When approaching the claim that Spinoza argues for an understanding of mind-body dualism, conceived through parallelism, it is important to highlight to whom exactly this idea of parallelism pertains. If the parallelism of IIP7 pertains to human beings themselves, then we would be correct to claim that Spinoza, in fact, retains a form of mind-body dualism. If parallelism does not pertain to human beings themselves, then we must find in Spinoza’s text another subject to whom this idea would pertain, and the reasons why parallelism does not pertain to human existence. If we consider the propositions leading up to IIP7, we can begin to clarify our inquiry. Beginning from IIP1 up to IIP6 Spinoza does not mention, even once, the idea of human existence; nor is it the case that Spinoza’s main concern in these propositions is providing arguments for the nature of modal existence as such. Contrary to this reading, Spinoza’s prime concern in these pages is still with the nature of God and its expression through its infinite number of attributes.

Propositions 1 and 2 deal with the attributes of thought and extension, respectively. Moreover, Spinoza’s demonstrations and scholiums in these propositions make reference to God as the being in question. Regarding IIP1, Spinoza writes: “Singular thoughts, or this or that thought, are modes which express God’s nature in a certain and determinate way (by IP25C). Therefore (by ID5) there belongs to God an attribute whose concept all singular thoughts involve, and through which they are also conceived.” Regarding IIP2, the demonstration “proceeds in the same way as that of the preceding proposition.” From these two propositions, Spinoza argues IIP3 from the context of understanding God as an absolutely infinite being with an infinite power of thought: “In God there is necessarily an idea, both of his essence and of everything which necessarily follows from his essence.” That is to say, if God is an absolute being with an absolute power of thinking and existing and has attributes which express this infinite essence, then God has an infinite power of thinking from which an infinite number of things necessarily follow. Moreover, if it is the case that in God there is “necessarily an idea” both of his essence and existence and everything necessarily follows from this initial claim, it is clear that in God there is necessarily an idea (God’s own idea) for everything that follows from God’s essence. That is to say, if God’s intellect is truly infinite and necessary, then for every idea in God there is by necessity a thing which corresponds to this idea. This last point can be seen in IIP4 and VP22, respectively: “God’s idea, from which infinitely many things follow in infinitely many modes, must be unique;” “Nevertheless, in God there is necessarily an idea that expresses the essence of this or that human body, under a species of eternity.”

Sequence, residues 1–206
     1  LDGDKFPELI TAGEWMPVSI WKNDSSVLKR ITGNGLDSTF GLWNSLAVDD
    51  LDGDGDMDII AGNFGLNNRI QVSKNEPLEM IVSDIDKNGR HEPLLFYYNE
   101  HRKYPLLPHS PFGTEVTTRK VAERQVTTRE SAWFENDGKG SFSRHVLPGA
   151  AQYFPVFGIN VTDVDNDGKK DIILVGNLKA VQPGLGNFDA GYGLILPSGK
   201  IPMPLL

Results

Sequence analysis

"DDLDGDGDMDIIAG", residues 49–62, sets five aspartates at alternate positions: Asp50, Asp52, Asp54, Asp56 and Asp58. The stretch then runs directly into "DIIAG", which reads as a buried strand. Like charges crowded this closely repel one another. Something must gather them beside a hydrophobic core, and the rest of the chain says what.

Following from what we have said thus far, and moving to IIP5 and IIP6, we see that Spinoza demonstrates his propositions, again, in terms of God. It is the case, both with the attribute of thought and the attribute of extension, that God is to be understood as the cause of each. Therefore, when we consider the attribute of thought itself; when we are seeking the “formal being of ideas;” we are not searching for the ways in which the modes of thought relate to the modes of extension. Rather, we are attempting to understand the relationship between the attribute of thought connected to its cause. Now, as stated in IA4 (“the knowledge of an effect depends on, and involves, the knowledge of its cause”), knowledge of the attributes of thought and extension rely upon connecting them with their cause, which is God, or Nature itself. Therefore Spinoza will write in his demonstration of IIP5, “the formal being of ideas admits God as its cause insofar as he is a thinking thing.” Regarding IIP6, Spinoza applies the same logic in the demonstration: “the modes of each attribute involve the concept of their own attribute, but not of another one, and so (by IA4) they have God for their cause only insofar as he is considered under the attribute of which they are modes, and not insofar as he is considered any other, q.e.d.”